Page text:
Middle Eastern airlines, particularly those from the Gulf region, are giving tough times to their European and American rivals on long-haul flights by increasing their market share and crossing the million mark in 2009.
The US Government statistics showed that the number of directly non-stop flights from the Middle East jumped from 554, 031 in 2005 to 1,210,650 in 2009, an increase of 118.5 per cent or an addition of 656,619 new flights during the period.
The number of non-stop flights directly to US from the Middle East have also more than doubled over the last four years.
According to US Government data, the number of non-stop flights from the Middle East to the US reached 1.2 million last year from 858,952 flights in the previous year, an increase of 41 per cent.
The growth in direct flights peaked in 2008 when it grew by record 45 per cent over the previous year, the statistics by the US government showed.
The government has projected that the growth in the number of flights is expected to slow this year to 35 per cent. “The growth for 2010 is in excess of 35 per cent and new flights continue to appear. Emirates will soon begin double-daily to Los Angeles. These flights are capturing travellers to points like India who previously routed via Asia or Europe,” the US Government said.
“The most dramatic gains are seen in the Middle East and Africa, where non-stop flights have proliferated in recent years, providing new connecting hubs and draining traffic from traditional European routings,” the US Government report said.
In 2005, the Gulf carriers – Emirates, Etihad, Qatar Airways, Gulf Air and others – was very limited by expansion has more than doubled the number of passengers connecting in the region for destinations in Africa, Asia and other points in the Middle East.
The statistics showed that shifting travel patterns are emerging, as more direct services provide new points of connection for travellers.
International Air Transport Association (IATA) on Tuesday revised up the regional carriers’ growth forecast on increased market share in long-haul routes. “Middle Eastern airlines have benefitted from strong regional economies and an expanded share of long-haul markets,” it said..
Emirates now operates five flights per day to the US – a daily service to Los Angeles, Houston and San Francisco and a double daily service to New York JFK.
"Starting October 31st for Los Angeles and November 1st for Houston, Emirates will fly non-stop to both cities twice a day on Boeing 777 aircraft. We will also reinstate our A380 aircraft on to one of our double daily JFK routes from October 31. This will mean that from the November 1st, Emirates will offer over 15,000 seats on 49 one way (or 98 return flights) per week to the United States,” said Nigel Page, Senior Vice President of Commercial Operations for Africa and the Americas.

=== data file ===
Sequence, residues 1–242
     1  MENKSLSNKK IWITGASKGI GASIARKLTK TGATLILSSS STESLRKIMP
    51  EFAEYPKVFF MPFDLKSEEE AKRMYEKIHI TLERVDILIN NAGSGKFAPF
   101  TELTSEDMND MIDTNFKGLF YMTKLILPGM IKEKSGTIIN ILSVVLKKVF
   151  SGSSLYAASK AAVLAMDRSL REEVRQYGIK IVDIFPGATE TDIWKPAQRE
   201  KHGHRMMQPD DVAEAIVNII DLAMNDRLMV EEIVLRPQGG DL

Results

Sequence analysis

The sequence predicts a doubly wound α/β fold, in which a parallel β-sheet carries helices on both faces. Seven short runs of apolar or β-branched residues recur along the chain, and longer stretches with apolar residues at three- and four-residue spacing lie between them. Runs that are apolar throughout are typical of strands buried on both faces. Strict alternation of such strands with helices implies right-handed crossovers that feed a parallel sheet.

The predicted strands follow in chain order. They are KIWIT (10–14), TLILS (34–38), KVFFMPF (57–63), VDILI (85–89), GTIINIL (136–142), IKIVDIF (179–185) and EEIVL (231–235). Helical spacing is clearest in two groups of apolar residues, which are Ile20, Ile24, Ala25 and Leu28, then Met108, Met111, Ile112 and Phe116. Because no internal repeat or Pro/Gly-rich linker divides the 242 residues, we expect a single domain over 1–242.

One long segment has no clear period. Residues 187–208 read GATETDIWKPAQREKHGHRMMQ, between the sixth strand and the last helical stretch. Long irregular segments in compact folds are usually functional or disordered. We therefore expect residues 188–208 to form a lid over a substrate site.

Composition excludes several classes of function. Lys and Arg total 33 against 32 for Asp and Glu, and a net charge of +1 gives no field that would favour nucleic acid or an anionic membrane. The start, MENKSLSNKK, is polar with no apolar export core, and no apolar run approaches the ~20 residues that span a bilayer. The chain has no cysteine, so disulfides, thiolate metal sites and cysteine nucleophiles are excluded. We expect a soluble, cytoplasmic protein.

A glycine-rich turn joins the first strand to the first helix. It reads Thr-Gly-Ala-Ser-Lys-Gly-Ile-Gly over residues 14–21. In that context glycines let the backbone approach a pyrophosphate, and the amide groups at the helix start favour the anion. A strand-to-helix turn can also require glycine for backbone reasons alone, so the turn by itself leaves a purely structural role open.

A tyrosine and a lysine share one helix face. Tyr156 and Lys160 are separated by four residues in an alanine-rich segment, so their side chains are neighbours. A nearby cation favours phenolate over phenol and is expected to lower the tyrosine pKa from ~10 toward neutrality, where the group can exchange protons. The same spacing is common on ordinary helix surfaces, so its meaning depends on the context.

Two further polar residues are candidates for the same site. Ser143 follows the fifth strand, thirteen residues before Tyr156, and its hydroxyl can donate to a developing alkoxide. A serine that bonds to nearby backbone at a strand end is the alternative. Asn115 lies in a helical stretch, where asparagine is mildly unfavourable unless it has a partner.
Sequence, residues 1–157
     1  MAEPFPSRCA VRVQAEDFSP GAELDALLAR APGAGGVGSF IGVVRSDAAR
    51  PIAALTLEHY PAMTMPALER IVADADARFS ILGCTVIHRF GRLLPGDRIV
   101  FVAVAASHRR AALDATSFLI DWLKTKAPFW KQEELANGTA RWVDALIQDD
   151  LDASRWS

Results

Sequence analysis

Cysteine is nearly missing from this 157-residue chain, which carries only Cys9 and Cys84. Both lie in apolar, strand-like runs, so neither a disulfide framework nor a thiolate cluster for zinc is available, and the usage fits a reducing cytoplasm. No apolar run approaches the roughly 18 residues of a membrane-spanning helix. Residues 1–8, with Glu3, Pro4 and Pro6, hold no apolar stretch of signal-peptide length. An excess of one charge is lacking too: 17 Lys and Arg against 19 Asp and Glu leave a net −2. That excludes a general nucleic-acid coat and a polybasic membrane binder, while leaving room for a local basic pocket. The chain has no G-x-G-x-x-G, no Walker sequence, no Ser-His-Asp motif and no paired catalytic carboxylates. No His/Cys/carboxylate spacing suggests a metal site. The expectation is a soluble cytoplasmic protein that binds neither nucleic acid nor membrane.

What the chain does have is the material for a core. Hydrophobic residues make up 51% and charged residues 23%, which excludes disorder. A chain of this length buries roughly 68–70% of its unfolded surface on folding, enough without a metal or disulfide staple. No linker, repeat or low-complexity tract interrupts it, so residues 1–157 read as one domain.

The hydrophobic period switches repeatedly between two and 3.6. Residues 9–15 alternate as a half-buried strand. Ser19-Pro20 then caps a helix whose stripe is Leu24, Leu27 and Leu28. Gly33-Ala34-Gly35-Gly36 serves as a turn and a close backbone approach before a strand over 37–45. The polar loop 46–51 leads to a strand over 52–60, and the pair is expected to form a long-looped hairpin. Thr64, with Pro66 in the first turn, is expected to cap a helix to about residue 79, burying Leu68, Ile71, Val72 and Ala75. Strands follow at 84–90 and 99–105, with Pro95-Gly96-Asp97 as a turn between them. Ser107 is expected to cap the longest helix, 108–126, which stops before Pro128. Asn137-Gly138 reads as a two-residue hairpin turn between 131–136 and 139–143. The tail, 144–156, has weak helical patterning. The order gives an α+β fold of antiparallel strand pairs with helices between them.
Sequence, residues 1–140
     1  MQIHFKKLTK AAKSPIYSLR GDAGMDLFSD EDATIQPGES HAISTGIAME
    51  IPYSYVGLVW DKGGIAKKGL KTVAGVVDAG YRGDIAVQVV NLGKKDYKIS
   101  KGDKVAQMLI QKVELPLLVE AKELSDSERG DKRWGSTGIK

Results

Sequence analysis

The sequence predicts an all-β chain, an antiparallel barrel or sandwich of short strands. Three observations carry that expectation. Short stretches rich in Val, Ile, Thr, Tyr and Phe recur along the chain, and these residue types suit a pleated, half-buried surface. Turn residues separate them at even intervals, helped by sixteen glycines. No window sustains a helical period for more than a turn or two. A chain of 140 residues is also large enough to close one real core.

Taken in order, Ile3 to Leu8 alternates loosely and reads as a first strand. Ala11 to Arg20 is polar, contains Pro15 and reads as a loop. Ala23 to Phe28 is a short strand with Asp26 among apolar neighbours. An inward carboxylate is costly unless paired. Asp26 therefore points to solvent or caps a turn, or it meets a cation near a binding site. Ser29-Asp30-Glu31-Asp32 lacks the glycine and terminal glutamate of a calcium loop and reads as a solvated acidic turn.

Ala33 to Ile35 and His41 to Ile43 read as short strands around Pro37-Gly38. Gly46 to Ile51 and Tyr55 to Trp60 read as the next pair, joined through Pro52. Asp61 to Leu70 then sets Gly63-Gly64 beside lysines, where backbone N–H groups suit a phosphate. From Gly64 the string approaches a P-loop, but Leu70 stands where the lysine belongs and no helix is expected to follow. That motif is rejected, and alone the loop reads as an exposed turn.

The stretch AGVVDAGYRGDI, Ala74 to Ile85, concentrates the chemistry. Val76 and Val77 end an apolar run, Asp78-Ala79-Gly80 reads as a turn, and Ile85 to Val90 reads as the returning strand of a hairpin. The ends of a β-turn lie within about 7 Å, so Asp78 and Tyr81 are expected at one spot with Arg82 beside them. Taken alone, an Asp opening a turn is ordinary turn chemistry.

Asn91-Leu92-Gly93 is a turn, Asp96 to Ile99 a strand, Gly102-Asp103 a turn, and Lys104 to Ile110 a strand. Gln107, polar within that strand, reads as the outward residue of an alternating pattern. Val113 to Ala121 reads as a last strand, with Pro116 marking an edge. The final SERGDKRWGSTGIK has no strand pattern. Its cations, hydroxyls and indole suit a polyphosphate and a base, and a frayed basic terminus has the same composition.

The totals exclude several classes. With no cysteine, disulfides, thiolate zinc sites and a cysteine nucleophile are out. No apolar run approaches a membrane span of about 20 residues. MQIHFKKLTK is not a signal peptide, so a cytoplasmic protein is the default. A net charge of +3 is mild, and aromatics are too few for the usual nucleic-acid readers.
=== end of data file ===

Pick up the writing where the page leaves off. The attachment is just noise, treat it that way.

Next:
He said the airline has experienced very strong demand across all of its US gateways this year, including very healthy premium and business traffic. “We are pleased to be able to meet this increased demand with the start of second daily services to both Houston and Los Angeles. Our additional services will provide customers in the Middle East and Asia with even easier access to the largest cities in Texas and California, supporting the burgeoning business and leisure traffic between these markets and the United States,” Page said.
Abu Dhabi-based Etihad airline said that US is an important market for the airline is committed to future growth in the region but has no plans to add further services to US destinations over the next few months.
“Etihad focuses on building depth into its network through interline agreements and codeshares with established operators in key markets. Etihad has a strong codeshare agreement with American Airlines – with codeshare services on EY Transatlantic services to Chicago and New York, connecting to a number of cities across the USA including Washington DC, Los Angeles, San Francisco and Houston. The airlines also cooperate via selected European points through to Dallas, Boston, and Miami,” it said in a statement.
It recently announced 26th codeshare agreement with the Virgin Group – incorporating Virgin Blue, Pacific Blue and V-Australia which operates from Australia into the United States.
“Long haul flights have been very important to Etihad’s operations, and will have a significant impact on our future growth. As an example, Etihad commenced services to the US in October 2006, with daily flights into New York’s JFK Airport. In 2009, we increased our presence in the US when we commenced three weekly flights to Chicago, which increased to daily flights at the beginning of 2010.”
In a statement to Emirates 24/7, the airline said that US passenger services have had a load factor of over 80 per cent on both the New York and Chicago routes – which is a very strong performance for the airline.
In Australia, another important long haul market for Etihad, the airline now operates 21 flights per week, to Sydney, Melbourne and Brisbane, a significant increase from its initial three flights to Sydney in 2007.
Last week, British Airways chief executive Willie Walsh warned European airlines not to underestimate the threat posed by growing carriers in the Middle East.
Walsh said Middle Eastern carriers – including Emirates, Etihad and Qatar Airways – are capable of transforming long-haul services in a similar to fashion to the revolution seen in low-cost short-haul travel.
“We have been very slow in the UK and in Europe to recognise the new competitive threat,” he said.